While a museum job, from an outsider's view, might be very much about giving tours and looking at art and reading up on dates and history in books, it can be consumed with figuring out what goes where.
Because art travels, right? It has throughout time, when people arrived in one land and journeyed home with this bust or that painting.
And one well-known piece that's long resided here in Southern California has just received a one-way ticket home to Sicily. It's Hades, or rather a terracotta head representing the god, and it dates to 400-300 B.C. Current owner? The Getty Museum.
The Getty announced on Thursday, Jan. 10 that it intended to return the head to Sicily -- voluntarily, we'll add. The institution, which has owned the piece since 1985, has determined that it was "clandestinely excavated" in the 1970s. Fragments discovered on the island 2011 suggest a relationship with the terracotta treasure, and those fragments and Hades will soon be unified in the land in which they sprung from hundreds upon hundreds of years ago.
"The Getty greatly values its relationship with our Sicilian colleagues, which culminated in the 2010 Cultural Collaboration Agreement," said Timothy Potts, director of the J. Paul Getty Museum.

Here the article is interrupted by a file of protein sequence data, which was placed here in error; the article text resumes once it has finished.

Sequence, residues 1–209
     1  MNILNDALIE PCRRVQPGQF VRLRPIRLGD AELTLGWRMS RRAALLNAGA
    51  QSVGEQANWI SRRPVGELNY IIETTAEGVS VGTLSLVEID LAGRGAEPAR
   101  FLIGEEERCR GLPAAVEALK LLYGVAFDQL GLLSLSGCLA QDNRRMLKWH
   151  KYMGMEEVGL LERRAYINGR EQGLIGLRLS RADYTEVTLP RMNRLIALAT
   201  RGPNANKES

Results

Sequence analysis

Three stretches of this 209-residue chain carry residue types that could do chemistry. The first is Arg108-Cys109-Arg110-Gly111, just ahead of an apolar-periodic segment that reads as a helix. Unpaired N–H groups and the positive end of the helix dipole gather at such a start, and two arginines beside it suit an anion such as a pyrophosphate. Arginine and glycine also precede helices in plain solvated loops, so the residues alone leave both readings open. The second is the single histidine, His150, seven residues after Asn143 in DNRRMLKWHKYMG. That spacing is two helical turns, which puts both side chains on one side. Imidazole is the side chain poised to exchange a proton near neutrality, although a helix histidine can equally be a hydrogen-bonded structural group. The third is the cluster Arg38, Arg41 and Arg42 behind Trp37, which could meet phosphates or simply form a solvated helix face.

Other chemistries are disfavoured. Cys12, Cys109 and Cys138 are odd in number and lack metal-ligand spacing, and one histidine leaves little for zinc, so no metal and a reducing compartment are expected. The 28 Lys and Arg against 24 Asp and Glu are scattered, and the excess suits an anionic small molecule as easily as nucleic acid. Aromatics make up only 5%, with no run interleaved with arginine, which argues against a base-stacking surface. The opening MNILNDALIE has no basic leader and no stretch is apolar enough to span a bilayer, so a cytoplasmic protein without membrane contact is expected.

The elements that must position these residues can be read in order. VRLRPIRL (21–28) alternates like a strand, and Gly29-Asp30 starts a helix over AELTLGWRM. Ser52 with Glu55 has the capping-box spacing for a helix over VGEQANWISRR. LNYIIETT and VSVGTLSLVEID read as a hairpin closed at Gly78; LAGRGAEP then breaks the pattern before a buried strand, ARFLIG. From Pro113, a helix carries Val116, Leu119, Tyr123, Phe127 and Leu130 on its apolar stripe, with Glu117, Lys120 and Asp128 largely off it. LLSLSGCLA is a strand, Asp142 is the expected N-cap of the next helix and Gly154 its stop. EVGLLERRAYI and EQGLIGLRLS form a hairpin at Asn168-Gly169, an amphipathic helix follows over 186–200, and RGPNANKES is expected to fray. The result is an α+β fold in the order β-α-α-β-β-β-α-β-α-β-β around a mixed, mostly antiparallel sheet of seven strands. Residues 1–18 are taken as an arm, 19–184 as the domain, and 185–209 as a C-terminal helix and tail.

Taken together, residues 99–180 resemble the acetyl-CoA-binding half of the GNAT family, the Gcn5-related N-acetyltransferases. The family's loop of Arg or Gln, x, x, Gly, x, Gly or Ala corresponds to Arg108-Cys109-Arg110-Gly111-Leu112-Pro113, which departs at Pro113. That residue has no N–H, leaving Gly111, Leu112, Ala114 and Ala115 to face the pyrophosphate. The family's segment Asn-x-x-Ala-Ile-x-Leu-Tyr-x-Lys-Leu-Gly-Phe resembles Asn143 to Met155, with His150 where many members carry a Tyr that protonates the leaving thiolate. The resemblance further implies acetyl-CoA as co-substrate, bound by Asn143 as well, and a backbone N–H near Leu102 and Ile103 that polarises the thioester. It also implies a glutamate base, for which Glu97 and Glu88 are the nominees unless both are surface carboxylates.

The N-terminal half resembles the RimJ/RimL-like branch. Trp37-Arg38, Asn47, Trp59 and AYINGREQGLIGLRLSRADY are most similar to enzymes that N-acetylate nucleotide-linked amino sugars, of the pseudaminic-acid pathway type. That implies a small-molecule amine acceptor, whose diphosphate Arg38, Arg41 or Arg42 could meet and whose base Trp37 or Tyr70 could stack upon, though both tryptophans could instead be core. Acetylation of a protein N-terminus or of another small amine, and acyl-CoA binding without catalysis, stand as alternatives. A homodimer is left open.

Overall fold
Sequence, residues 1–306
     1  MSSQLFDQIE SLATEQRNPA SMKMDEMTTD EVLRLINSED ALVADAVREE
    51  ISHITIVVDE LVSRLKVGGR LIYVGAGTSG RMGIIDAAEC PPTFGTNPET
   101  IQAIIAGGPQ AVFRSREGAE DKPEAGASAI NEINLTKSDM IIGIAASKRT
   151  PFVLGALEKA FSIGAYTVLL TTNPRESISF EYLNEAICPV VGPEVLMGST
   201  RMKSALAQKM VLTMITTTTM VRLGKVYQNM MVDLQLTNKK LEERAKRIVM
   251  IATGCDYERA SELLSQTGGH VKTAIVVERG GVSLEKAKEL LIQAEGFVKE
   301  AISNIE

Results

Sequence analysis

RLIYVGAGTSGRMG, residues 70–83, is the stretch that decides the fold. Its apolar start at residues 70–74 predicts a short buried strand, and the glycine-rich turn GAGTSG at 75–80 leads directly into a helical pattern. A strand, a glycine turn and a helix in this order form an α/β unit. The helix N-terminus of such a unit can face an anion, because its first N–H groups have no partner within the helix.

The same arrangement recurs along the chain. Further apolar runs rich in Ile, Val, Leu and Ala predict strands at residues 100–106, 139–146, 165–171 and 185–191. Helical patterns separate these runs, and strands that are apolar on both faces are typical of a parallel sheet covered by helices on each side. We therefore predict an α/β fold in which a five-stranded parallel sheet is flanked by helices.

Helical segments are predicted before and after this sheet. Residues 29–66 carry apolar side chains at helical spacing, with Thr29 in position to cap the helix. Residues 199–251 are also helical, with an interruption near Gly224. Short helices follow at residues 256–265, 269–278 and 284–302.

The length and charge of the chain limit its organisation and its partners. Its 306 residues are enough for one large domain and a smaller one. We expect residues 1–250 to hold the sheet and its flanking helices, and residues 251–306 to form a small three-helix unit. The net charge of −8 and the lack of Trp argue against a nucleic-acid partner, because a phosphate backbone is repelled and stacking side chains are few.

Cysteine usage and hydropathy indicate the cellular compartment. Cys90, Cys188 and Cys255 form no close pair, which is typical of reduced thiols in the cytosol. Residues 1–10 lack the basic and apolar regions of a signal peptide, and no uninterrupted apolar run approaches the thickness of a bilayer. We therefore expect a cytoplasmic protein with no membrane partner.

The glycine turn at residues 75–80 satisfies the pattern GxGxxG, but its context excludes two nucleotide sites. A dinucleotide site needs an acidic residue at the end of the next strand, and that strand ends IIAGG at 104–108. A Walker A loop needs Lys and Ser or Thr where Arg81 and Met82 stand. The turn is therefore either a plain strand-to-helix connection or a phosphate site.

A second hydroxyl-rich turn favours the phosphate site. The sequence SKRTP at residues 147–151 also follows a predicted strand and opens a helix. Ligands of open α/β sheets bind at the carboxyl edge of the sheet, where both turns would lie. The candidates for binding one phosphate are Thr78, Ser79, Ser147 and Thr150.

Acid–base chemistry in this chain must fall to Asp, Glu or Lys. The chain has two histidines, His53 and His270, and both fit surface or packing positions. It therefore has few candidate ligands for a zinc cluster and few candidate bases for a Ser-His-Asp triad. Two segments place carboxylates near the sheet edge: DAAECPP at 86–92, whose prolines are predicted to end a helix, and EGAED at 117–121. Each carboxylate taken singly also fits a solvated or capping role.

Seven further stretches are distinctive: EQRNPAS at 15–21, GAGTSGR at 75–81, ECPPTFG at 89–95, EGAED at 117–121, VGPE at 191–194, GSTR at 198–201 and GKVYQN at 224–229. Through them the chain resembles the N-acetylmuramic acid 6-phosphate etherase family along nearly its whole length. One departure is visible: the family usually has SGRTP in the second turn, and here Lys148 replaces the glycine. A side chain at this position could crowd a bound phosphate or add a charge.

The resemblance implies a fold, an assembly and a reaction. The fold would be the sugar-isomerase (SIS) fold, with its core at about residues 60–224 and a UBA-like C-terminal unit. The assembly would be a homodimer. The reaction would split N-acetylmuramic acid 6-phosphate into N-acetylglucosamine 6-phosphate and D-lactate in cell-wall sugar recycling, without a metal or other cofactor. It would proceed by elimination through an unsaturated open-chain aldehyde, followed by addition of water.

Director of the Parco Archelogico di Morgantina Enrico Caruso also spoke on the repatriation of the head. "Close collaboration with the Getty's curators and conservators on the examination of the head has allowed us to give a name to the sanctuary shrine where several fragments of its curls of hair were found in 1978, as well as a name to the Getty's anonymous sculpture. It is Hades, god of the Underworld, the terracotta body of which is in the course of an extensive restoration in the Archaeological Museum in Aidone."
But the head of Hades being reunited with the body of Hades won't be a quick process. The head is part of
a traveling exhibition organized by The Getty. It will be at the
from April 3 through August 19. The head can also be seen through Jan. 21 at the Villa, as part of a separate exhibit.
The returning of an art object to its country of origin, by the by is called repatriating (though the term is broader than art objects, of course). Add that to the long list of concerns and topics on the art professional's busy mind.